How to convince your CFO to invest in B2B brand-building
By the time a salesperson is in front of a customer they've done at least seven online research inquiries with around 90% already having a company in mind. This means a B2B purchase is increasingly being made based on the company’s brand.
B2B brand marketing is gaining momentum / Pexels
“For the next five to 10 years B2B is more exciting for a marketer than B2C because there is an enormous opportunity,” Paul Coxhill chief exec at WARC said.
B2B brand marketing is gaining momentum with marketers now adopting similar communications strategies from the B2C world and pushing into consumer-facing media platforms like TikTok and TV. While the sector appears to be growing, the brand is historically tricky to sell to a financial team, with more expensive marketing to produce and return on investment harder to prove.
Changing demands from buyers means investment in B2B brand-building is proving crucial to compete, but how do you convince C-suite to hand over the cash?
What’s behind the trend?
Purpose has radically changed what B2B buyers are looking for from a company. More and more companies are integrating ESG reporting into their investor relations and going after B-corp status and with this comes increased scrutiny throughout the supply chain. B2B buyers are looking for companies that have branded themselves as trustworthy, sustainable, and ethical.
Why should a CFO care about brand?
“It’s true that brand is still a bit of a dirty word in B2B, particularly amongst the finance community as soon as you start talking about brand their eyes glaze over,” Coxhill explained. At WARC, Coxhill is trying to reposition what people think of a brand and talk about it as ‘future demand’. So if you’re investing in a brand, it is not necessarily to capture sales today, it’s actually to capture sales in the future.
There are multiple studies that suggest 95% of the buyers in your market are not buying right now, 5% might be, but 95% might buy in the future. So investment in the brand can enable you to capture that future opportunity and not just the current opportunity today. “CFOs are starting to wake up to that, and the conversation between CMO and CFO is starting to become more about the metrics so that you can invest for the future,” Coxhill has previously explained.
Brand-building lessons from S&P Global
The 160-year-old US bank S&P Global has undergone its own branding-building mission. Its chief marketing officer, Alice Cherry, split this project into three key parts: leaning into the bank’s heritage and original purpose; taking advantage of transformational moments and training staff.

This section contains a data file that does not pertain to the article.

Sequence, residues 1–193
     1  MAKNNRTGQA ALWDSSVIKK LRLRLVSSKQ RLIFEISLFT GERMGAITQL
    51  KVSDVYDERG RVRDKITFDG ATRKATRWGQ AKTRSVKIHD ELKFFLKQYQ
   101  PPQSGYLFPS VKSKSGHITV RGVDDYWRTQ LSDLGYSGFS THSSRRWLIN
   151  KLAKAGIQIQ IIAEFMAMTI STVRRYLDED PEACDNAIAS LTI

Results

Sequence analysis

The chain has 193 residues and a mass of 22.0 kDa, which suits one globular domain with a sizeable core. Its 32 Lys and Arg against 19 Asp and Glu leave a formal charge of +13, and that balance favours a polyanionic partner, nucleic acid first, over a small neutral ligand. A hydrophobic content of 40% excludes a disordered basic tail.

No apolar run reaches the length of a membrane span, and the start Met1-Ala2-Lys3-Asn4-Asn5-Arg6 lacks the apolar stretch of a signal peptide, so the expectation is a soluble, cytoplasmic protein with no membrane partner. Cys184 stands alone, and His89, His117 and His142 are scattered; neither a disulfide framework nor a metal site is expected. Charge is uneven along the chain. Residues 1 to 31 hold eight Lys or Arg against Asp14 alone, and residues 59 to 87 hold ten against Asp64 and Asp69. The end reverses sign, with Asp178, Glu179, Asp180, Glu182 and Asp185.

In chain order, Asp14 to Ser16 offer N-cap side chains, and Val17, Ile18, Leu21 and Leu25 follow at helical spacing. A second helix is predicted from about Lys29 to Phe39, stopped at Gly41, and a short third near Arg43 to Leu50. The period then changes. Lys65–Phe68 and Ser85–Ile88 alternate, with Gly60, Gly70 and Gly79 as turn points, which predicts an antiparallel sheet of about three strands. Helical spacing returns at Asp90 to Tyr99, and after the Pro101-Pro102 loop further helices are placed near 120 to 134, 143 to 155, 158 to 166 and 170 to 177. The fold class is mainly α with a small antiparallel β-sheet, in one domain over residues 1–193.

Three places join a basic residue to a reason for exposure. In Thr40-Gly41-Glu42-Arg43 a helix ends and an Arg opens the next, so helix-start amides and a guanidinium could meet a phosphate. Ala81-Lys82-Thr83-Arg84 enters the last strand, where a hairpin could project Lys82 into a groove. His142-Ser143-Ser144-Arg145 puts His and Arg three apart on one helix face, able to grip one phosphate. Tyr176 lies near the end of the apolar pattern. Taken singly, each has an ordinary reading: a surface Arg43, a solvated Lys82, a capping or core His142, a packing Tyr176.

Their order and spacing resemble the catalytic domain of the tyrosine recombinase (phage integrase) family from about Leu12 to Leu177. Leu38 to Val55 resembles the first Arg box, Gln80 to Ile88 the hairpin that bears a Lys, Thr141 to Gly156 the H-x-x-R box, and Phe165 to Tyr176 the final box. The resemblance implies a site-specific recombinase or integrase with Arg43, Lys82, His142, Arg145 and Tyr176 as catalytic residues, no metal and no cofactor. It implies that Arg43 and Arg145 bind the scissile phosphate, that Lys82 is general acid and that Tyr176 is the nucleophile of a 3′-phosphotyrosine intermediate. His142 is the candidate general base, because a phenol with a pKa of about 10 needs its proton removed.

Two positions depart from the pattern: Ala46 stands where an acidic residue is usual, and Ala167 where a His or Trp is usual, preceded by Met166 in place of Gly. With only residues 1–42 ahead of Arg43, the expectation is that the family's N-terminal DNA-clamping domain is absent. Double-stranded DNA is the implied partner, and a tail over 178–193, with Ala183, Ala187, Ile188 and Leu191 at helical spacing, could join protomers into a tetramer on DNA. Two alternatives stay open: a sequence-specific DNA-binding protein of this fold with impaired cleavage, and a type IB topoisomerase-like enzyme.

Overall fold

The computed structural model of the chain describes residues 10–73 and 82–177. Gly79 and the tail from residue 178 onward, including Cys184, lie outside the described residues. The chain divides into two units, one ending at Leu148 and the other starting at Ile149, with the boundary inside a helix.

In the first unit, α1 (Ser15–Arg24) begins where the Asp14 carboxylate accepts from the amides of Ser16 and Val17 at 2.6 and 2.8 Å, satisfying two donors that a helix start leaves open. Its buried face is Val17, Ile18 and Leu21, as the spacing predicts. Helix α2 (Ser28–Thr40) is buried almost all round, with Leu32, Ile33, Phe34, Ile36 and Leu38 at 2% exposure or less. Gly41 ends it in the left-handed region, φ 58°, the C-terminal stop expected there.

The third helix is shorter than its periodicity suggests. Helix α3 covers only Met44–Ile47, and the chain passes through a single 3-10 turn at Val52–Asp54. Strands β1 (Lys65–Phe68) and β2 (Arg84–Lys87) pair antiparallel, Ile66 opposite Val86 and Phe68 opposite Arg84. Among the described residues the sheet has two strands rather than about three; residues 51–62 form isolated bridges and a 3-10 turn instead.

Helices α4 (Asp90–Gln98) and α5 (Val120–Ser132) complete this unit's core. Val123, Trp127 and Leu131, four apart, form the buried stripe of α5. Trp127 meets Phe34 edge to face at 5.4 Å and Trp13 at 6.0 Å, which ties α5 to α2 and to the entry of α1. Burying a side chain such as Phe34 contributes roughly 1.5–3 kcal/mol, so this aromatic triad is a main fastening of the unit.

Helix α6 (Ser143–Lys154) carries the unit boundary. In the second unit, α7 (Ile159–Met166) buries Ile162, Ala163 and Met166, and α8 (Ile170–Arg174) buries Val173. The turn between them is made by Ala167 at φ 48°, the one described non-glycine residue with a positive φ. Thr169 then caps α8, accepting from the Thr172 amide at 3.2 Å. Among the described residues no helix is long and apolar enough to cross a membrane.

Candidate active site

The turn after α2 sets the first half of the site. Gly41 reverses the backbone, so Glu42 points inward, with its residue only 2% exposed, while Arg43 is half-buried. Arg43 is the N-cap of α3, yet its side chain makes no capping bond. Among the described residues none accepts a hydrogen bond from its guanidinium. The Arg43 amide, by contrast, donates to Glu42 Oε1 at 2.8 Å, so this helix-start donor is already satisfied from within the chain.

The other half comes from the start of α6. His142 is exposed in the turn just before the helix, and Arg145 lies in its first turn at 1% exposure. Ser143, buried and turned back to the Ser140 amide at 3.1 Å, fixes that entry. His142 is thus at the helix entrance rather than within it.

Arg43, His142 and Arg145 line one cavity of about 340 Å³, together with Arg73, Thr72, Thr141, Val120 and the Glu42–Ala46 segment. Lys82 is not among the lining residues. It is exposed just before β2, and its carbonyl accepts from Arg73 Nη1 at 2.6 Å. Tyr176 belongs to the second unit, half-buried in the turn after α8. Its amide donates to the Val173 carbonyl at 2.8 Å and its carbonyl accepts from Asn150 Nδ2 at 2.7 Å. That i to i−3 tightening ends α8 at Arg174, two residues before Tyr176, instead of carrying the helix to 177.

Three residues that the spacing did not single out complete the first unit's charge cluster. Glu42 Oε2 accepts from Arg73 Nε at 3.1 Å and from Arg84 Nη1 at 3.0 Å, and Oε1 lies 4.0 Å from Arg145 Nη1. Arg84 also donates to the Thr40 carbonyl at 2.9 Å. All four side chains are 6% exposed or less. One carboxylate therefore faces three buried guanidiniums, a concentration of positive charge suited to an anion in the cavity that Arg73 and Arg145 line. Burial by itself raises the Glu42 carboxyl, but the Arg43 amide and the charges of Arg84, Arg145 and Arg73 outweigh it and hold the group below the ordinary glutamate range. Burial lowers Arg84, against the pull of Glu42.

S&P Global was initially owned by McGraw Hill but then later split off and repositioned and relaunched as S&P Global and in 2020 S&P acquired and merged with IHS Market. Cherry said: “Those transformations are the times to really lean in and hone in and focus on your brand and your strategy.”
The people element, Cherry said, is the most important part of executing S&P Global’s brand strategy. If you can train and onboard staff on company values and ethics then your employees will sell your brand to customers, she explained.
As part of its training S&P Global has also created ‘taskforces’ to help bridge the gap between finance and marketing to translate things like ROI and attribution and explain the funnel. On the board side, the company has explained brand trackers.
S&P Global has also included shared metrics that are related to brand and brand growth that the C-suite owns and has access to. “When you look at the brand, there is an opportunity to look at it and manage it as a business, the way you manage a portfolio. It is an asset to the business, so what levers and actions are you going to put in place to grow it and to leverage it?”
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So how do you measure B2B brand-building?
Suzanne Kounkel who is chief marketing officer at Deloitte said brand-building goals have to be agreed upon by all C-suite functions and the business has to understand brand-building enough to invest in it.
There should be an agreed set of metrics for brand-building, some of these can be soft metrics and could just be an annual brand tracking study rather than measuring the ROI.
Kounkel admits it’s not easy to measure investment in B2B brand activities. One way Deloitte track brand perception is through annual summer surveys, quarterly brand tracking, and a bi-yearly report. Beyond that though, Kounkel’s strategy has been to get C-suite involved in the richer conversation around what audience the company wants to build and grow and then decide together how that audience growth will be attributed.
Top B2B brand-building tips
Train existing staff and onboard new starts about the brand
Agree on a set of brand-building metrics with C-suite
Take advantage of company restructures
Educate finance teams about brand
Align a global business under one brand